fasta_sequences = {}
fasta_file = open(fasta_path)
l = fasta_file.readline()
while l != "":
if l[0] == ">":
if label != None:
fasta_sequences[label] = sequence
label = l[1:].strip()
sequence = ""
elif label != None:
sequence += l.strip()
l = fasta_file.readline()
fasta_file.close()
if label != None:
fasta_sequences[label] = sequence
return fasta_sequences
def read_matrix(matrix_path):
matrix_file = open(matrix_path)
matrix_reader = csv.reader(matrix_file)
column_names = next(matrix_reader)
list_of_numeric_rows = []
for row in matrix_reader:
numeric_row = numpy.array([float(x) for x in row])
list_of_numeric_rows.append(numeric_row)
matrix_file.close()
matrix = numpy.stack(list_of_numeric_rows)
return column_names, matrix
# ignore warnings caused by zero probability states
numpy.seterr(divide = "ignore")
emission_matrix_path = sys.argv[1]
transmission_matrix_path = sys.argv[2]
fasta_path = sys.argv[3]
sequence_alphabet, e_matrix = read_matrix(emission_matrix_path)
hidden_state_alphabet, t_matrix = read_matrix(transmission_matrix_path)
log_e_matrix = numpy.log(e_matrix)
log_t_matrix = numpy.log(t_matrix)
m = len(hidden_state_alphabet) # the number of hidden states
fasta_sequences = read_fasta(fasta_path)
for sequence_name in fasta_sequences:
sequence = fasta_sequences[sequence_name]
n = len(sequence) # the length of the sequence and index of the last position
# the first character is also offset by 1, for pseudo-1-based-addressing
numeric_sequence = numpy.zeros(n + 1, dtype = numpy.uint8)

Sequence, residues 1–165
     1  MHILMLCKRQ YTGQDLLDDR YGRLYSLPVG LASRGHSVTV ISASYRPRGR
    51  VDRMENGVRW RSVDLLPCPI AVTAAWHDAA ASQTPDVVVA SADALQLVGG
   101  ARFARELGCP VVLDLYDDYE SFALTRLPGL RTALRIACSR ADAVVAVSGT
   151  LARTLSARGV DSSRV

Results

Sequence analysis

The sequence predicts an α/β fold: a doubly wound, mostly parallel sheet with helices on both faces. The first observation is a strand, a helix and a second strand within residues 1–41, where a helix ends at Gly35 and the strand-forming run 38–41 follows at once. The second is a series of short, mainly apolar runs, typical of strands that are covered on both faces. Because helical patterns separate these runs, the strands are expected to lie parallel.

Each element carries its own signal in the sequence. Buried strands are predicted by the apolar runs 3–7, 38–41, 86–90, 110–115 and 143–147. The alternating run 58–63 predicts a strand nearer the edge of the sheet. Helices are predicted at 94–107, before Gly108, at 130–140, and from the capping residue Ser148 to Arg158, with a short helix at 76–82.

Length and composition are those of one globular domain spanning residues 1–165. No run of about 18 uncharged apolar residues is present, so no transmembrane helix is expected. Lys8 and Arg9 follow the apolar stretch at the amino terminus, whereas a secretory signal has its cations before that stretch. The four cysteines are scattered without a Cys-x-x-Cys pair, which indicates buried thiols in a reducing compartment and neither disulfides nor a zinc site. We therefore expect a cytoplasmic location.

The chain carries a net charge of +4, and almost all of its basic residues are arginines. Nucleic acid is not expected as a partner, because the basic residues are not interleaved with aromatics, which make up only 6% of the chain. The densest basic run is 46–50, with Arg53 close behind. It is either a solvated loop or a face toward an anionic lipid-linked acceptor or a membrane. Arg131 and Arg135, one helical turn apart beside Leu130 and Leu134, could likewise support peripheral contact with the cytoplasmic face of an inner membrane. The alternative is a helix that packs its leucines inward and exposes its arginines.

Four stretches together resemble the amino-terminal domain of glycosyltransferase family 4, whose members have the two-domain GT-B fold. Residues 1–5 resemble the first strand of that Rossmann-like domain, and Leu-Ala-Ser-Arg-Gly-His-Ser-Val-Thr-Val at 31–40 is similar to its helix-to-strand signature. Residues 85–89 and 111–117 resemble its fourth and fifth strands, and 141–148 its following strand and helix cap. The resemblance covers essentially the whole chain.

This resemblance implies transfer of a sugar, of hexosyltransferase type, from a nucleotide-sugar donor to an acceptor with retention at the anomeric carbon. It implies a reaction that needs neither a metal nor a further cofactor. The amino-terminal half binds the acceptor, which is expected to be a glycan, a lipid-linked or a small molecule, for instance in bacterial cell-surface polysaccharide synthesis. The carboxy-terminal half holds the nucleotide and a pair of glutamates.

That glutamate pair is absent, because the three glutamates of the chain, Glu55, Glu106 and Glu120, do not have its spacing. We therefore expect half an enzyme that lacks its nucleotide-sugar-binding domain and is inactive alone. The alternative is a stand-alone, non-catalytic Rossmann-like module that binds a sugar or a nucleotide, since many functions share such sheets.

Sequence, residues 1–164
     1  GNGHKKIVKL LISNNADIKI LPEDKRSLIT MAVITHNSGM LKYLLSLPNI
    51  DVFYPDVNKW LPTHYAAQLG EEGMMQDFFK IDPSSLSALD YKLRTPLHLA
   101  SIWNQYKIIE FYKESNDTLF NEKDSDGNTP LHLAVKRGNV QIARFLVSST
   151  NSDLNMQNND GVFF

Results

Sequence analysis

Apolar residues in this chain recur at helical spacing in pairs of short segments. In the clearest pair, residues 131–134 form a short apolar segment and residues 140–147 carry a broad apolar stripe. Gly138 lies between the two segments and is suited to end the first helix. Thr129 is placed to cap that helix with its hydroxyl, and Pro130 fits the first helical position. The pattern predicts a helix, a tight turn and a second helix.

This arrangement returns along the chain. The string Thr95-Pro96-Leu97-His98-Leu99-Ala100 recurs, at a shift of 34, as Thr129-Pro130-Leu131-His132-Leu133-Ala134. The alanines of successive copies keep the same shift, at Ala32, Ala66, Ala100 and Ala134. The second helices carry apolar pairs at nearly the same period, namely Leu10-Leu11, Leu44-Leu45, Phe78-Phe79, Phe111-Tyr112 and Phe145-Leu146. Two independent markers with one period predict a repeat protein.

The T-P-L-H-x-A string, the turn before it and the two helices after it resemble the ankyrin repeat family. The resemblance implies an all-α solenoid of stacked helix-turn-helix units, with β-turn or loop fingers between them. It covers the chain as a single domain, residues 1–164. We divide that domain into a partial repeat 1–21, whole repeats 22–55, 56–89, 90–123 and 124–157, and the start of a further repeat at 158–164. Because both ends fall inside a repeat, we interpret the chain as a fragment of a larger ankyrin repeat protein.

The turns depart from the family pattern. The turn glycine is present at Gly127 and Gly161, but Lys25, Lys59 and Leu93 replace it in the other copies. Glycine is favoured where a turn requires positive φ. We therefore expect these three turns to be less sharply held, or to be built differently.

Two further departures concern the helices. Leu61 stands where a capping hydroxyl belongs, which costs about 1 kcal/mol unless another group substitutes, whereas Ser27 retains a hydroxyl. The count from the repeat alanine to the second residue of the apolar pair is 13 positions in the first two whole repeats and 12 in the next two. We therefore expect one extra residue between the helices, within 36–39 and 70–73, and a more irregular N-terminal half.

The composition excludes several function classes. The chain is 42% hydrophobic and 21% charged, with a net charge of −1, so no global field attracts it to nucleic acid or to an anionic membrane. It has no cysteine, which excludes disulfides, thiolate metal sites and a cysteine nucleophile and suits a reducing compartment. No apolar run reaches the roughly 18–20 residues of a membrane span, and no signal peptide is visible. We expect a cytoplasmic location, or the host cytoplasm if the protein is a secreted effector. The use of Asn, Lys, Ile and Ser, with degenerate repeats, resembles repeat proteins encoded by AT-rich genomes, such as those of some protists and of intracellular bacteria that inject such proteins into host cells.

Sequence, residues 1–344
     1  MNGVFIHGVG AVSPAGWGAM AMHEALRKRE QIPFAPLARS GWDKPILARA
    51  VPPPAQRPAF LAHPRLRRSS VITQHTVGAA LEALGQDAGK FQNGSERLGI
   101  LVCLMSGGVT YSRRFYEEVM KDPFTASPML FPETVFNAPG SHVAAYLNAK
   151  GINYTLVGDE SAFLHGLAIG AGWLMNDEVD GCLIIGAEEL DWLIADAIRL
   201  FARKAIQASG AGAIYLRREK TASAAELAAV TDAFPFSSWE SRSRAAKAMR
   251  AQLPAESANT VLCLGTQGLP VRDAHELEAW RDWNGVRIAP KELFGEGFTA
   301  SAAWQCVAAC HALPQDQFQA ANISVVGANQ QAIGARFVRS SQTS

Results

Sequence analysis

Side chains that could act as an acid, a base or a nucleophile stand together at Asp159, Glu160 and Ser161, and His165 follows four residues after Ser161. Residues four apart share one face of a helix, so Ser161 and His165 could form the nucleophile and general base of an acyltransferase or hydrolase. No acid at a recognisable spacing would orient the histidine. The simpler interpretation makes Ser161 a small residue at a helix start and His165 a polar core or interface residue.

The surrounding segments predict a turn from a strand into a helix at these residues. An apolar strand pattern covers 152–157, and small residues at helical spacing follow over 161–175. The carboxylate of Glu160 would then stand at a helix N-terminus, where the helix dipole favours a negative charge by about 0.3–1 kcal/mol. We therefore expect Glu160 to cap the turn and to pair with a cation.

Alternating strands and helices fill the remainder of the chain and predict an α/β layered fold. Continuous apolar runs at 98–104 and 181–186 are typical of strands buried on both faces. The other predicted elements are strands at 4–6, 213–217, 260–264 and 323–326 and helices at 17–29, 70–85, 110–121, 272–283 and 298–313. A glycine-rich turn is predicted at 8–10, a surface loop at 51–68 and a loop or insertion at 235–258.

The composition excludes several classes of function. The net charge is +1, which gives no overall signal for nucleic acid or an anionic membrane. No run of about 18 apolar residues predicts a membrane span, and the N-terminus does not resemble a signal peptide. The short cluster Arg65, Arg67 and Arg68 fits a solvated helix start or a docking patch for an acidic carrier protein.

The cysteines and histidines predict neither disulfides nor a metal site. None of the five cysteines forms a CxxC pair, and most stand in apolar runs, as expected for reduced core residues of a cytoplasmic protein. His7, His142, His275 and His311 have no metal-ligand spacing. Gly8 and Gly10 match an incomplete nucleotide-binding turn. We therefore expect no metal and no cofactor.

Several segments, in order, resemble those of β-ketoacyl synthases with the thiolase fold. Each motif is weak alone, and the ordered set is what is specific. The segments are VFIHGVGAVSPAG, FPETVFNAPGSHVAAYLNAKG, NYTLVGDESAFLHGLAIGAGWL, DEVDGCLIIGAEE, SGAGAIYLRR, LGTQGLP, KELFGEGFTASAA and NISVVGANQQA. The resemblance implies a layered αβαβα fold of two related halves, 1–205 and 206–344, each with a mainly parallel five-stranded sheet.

for i in range(n):
numeric_sequence[i + 1] = sequence_alphabet.index(sequence[i])
# all calculations will be in log space
v_matrix = numpy.zeros((m, n + 1)) # Viterbi log probabilities
p_matrix = numpy.zeros((m, n + 1), dtype = numpy.uint8) # Viterbi pointers
# initialize matrix probabilities
v_matrix.fill(neginf)
v_matrix[0, 0] = 0.0
temp_vitebri_probabilities = numpy.zeros(m)
for i in range(1, n + 1):
for k in range(1, m): # state at i
for j in range(m): # state at i - 1
e = log_e_matrix[k, numeric_sequence[i]]
t = log_t_matrix[j, k]
v = v_matrix[j, i - 1]
temp_vitebri_probabilities[j] = e + t + v
v_matrix[k, i] = numpy.max(temp_vitebri_probabilities)
p_matrix[k, i] = numpy.argmax(temp_vitebri_probabilities)
# initialize the maximum a posteriori hidden state path using the state with
# the highest joint probability at the last position
map_state = numpy.argmax(v_matrix[:, n])
# then follow the pointers backwards from (n - 1) to 0
for i in reversed(range(n)):
subsequent_map_state = map_state
map_state = p_matrix[subsequent_map_state, i + 1]
if map_state != subsequent_map_state:
print("Transition from %s at position %d to %s at position %d" % (hidden_state_alphabet[map_state], i, hidden_state_alphabet[subsequent_map_state], i + 1))
The first and second arguments for this program are paths to the emission matrix and transmission matrix respectively. A simplified version of the emission matrix from the previously inferred gene structure HMM looks like this:
A,C,G,T
0.0000,0.0000,0.0000,0.0000
0.2905,0.2018,0.2349,0.2728
0.0952,0.0327,0.7735,0.0986
0.0011,0.0000,0.9988,0.0001
0.2786,0.1581,0.1581,0.4052
0.0000,0.0010,0.9989,0.0001
0.2535,0.1039,0.5197,0.1229
And a simplified version of the transition matrix looks like this:
start,exon interior,exon 3',intron 5',intron interior,intron 3',exon 5'
0.0000,1.0000,0.0000,0.0000,0.0000,0.0000,0.0000
0.0000,0.9962,0.0038,0.0000,0.0000,0.0000,0.0000
0.0000,0.0000,0.0000,1.0000,0.0000,0.0000,0.0000
0.0000,0.0000,0.0000,0.0000,1.0000,0.0000,0.0000
0.0000,0.0000,0.0000,0.0000,0.9935,0.0065,0.0000
0.0000,0.0000,0.0000,0.0000,0.0000,0.0000,1.0000
0.0000,1.0000,0.0000,0.0000,0.0000,0.0000,0.0000
We can analyse the Arabidopsis gene FOLB2 (which codes for an enzyme that is part of the folate biosynthesis pathway). Warning: this is committing the cardinal sin of testing a model using data from the training set, which you should not do in real life! This gene has two introns, one within the 5’ untranslated region (UTR) and the other inside the coding sequence.
The third argument of the program is a path to a FASTA format sequence file, and the sequence of FOLB2 between the UTRs in FASTA format is: